This week, Mark Becker, the Supervisor at the Santa Clara County Alternative Defender’s Office, met with our ACJP organizers and families to share the latest powerpoint presentation DA’s are using to scare juries into guilty verdicts. The powerpoint would have been comical, had it not been that a countless amount of people in Santa Clara County have been denied a fair trial as a result of this propoganda. And yes, that is seriously a photo of Al Pacino from the movie Scarface and an image of Tupac that is shared in the slideshow developed by the San Jose Police Department and presented as researched explanations as to what gangs are. Mr. Becker came by to share with us what DA’s are using in trial so we have a clear idea what we are up against, and perhaps to develop more honest tools that can created to refute the characterization of people facing gang charges. The powerpoint depicted only the most sensational of images — photos of people pointing guns at the camera, piles of drugs and money, and constant barrages of weapons like swords. The presentation is aimed at frightening juries so they can not possibly look at someone has been called a gang member by the DA as a human being. Even the language used in the powerpoint was designed to imply people who have been labeled as gang-related are only predators. One description (it is presented as if an anthropological study) says that gang members are so concerned with “notoriety” that ,”Like a dog they mark their territory.” The ACJP camp have been able to offer of gang experts from the community that can be used by defense attorneys to refute the DA’s case, but we will be brainstorming on media supplements that can be used as well by the defense bar.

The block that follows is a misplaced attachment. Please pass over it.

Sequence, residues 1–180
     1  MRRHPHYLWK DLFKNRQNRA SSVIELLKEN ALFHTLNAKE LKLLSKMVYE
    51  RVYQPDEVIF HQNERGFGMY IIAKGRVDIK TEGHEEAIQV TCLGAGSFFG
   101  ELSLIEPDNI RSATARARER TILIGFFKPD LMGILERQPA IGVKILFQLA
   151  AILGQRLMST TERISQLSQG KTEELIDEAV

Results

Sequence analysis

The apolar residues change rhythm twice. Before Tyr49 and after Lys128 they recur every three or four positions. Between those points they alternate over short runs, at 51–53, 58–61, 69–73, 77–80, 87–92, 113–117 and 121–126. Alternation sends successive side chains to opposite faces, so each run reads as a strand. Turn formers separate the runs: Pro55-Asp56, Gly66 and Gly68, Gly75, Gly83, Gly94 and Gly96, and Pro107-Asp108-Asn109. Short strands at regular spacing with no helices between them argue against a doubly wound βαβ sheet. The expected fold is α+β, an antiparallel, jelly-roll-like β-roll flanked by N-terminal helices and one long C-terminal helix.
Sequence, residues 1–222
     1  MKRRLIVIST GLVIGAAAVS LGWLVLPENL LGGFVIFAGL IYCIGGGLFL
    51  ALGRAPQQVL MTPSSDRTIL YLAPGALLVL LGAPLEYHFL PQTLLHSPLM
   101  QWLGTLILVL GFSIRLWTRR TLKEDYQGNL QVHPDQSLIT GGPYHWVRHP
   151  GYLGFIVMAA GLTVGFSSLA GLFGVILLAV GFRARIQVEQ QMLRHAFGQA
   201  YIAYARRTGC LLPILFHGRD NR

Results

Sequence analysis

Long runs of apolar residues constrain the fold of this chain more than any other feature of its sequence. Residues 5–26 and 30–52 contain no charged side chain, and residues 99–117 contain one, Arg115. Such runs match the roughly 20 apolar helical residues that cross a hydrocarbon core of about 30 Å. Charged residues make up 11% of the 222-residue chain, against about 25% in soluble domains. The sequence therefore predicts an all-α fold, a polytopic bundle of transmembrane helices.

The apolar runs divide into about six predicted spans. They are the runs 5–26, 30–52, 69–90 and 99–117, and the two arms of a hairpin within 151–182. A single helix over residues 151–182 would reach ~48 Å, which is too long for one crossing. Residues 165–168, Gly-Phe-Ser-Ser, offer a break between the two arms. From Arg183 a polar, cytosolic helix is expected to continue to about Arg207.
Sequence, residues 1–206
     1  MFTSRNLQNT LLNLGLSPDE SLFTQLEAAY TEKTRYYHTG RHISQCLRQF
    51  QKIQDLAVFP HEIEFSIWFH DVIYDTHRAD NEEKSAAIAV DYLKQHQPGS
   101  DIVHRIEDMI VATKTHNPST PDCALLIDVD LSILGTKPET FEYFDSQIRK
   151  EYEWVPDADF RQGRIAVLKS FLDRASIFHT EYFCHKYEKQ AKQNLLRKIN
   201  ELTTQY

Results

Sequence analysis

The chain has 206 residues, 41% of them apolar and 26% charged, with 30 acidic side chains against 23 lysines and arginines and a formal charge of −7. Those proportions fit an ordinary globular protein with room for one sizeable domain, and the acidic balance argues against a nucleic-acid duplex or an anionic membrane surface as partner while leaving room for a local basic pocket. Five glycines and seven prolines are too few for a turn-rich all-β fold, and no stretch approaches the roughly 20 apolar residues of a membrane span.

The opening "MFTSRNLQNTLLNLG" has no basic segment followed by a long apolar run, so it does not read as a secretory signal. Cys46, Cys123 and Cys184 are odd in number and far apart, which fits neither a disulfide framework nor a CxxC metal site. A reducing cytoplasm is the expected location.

One thought on “Is That Really Scarface and Tupac? Yes. Deconstructing DA’s Presentations of Gangs”
There was a documentary on the Ku Klux Klan on KQED last night. Perhaps the DA would like to add this infamous gang to his little Powerpoint presentation as well. Or perhaps that perpetration would prove a little more helpful to the defense than it would to the prosecution. . . Just sayin’.